You do not need to have identical views on money to be able to build a successful future together, but if you have some understanding of how your partner views money, you can adjust, adapt, accommodate or resolve the money issues.
Financial compatibility encompasses attitudes to setting goals, budgeting, borrowing, spending habits, saving and investing. If these issues are not addressed early, they will fester and can damage your relationship.
Look out for tell tale signs
Action speaks louder than words; there will be some areas that you can deduce just from your partner’s lifestyle. When someone is a really big spender, and lives way above their means, and without the income or investments to back it up, you ought to be concerned. Does he or she spend without any thought for the future or about the consequences of their spending decisions?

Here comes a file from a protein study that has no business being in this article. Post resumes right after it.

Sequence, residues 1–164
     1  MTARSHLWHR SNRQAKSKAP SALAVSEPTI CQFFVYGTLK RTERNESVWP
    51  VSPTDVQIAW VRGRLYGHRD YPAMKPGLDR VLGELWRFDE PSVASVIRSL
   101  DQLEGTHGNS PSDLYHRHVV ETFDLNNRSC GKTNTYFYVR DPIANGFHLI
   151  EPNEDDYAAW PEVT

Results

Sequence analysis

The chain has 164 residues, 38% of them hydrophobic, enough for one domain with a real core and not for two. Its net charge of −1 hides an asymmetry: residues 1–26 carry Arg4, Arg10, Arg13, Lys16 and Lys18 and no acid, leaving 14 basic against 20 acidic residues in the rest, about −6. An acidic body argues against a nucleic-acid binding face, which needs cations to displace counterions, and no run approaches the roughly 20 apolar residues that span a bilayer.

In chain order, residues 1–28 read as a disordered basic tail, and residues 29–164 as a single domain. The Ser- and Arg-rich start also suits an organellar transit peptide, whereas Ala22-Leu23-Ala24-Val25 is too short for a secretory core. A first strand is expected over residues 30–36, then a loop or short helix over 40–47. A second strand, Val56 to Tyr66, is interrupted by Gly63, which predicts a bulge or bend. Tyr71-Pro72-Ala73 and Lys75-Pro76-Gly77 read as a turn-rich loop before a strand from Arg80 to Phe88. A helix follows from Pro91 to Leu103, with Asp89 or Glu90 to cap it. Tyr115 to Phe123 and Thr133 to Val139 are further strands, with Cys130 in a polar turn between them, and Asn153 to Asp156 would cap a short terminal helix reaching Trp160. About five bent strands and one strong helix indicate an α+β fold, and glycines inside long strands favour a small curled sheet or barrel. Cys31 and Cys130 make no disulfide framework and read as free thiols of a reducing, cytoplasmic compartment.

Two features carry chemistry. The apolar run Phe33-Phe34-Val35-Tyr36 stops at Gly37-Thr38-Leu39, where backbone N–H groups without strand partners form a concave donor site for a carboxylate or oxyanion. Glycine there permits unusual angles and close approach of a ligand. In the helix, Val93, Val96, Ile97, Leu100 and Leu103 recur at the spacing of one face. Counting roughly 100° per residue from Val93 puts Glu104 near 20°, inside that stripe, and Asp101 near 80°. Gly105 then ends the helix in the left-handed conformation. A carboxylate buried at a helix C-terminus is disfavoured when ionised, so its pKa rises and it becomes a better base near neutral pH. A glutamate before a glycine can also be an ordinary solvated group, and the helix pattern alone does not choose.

Is your partner in debt?
Debt in itself is not the problem; it is about what they have borrowed for and if they owe and
dodge friends, family and everyone else. Debt in marriage affects your partner, this is why couples should find ways to manage their debt together and work towards being debt free.
Envision the future
There is so much to talk about. Talking about money too early might make your significant other nervous that you might well be a “golddigger,” but once you get a sense that your relationship is going somewhere, here are some ideas for the money conversation:
What are your career goals and aspirations?
How much do you earn?
Do you have any savings?
Are you in debt? How much?
Where do you wish to live?
What financial commitments do you have to parents and / or siblings?